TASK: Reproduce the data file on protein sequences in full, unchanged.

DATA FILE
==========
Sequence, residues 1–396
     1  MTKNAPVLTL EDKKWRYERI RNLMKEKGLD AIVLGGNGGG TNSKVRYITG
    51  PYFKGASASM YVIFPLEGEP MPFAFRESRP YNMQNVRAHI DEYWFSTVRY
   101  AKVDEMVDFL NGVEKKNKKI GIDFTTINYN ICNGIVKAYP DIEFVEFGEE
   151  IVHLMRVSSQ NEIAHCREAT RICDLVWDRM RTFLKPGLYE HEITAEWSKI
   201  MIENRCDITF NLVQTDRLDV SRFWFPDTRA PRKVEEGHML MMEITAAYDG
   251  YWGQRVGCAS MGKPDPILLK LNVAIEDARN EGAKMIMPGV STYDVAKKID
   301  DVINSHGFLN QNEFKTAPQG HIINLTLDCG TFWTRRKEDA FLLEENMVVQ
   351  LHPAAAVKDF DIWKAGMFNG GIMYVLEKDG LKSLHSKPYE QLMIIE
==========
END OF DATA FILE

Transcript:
Sequence, residues 1–396
     1  MTKNAPVLTL EDKKWRYERI RNLMKEKGLD AIVLGGNGGG TNSKVRYITG
    51  PYFKGASASM YVIFPLEGEP MPFAFRESRP YNMQNVRAHI DEYWFSTVRY
   101  AKVDEMVDFL NGVEKKNKKI GIDFTTINYN ICNGIVKAYP DIEFVEFGEE
   151  IVHLMRVSSQ NEIAHCREAT RICDLVWDRM RTFLKPGLYE HEITAEWSKI
   201  MIENRCDITF NLVQTDRLDV SRFWFPDTRA PRKVEEGHML MMEITAAYDG
   251  YWGQRVGCAS MGKPDPILLK LNVAIEDARN EGAKMIMPGV STYDVAKKID
   301  DVINSHGFLN QNEFKTAPQG HIINLTLDCG TFWTRRKEDA FLLEENMVVQ
   351  LHPAAAVKDF DIWKAGMFNG GIMYVLEKDG LKSLHSKPYE QLMIIE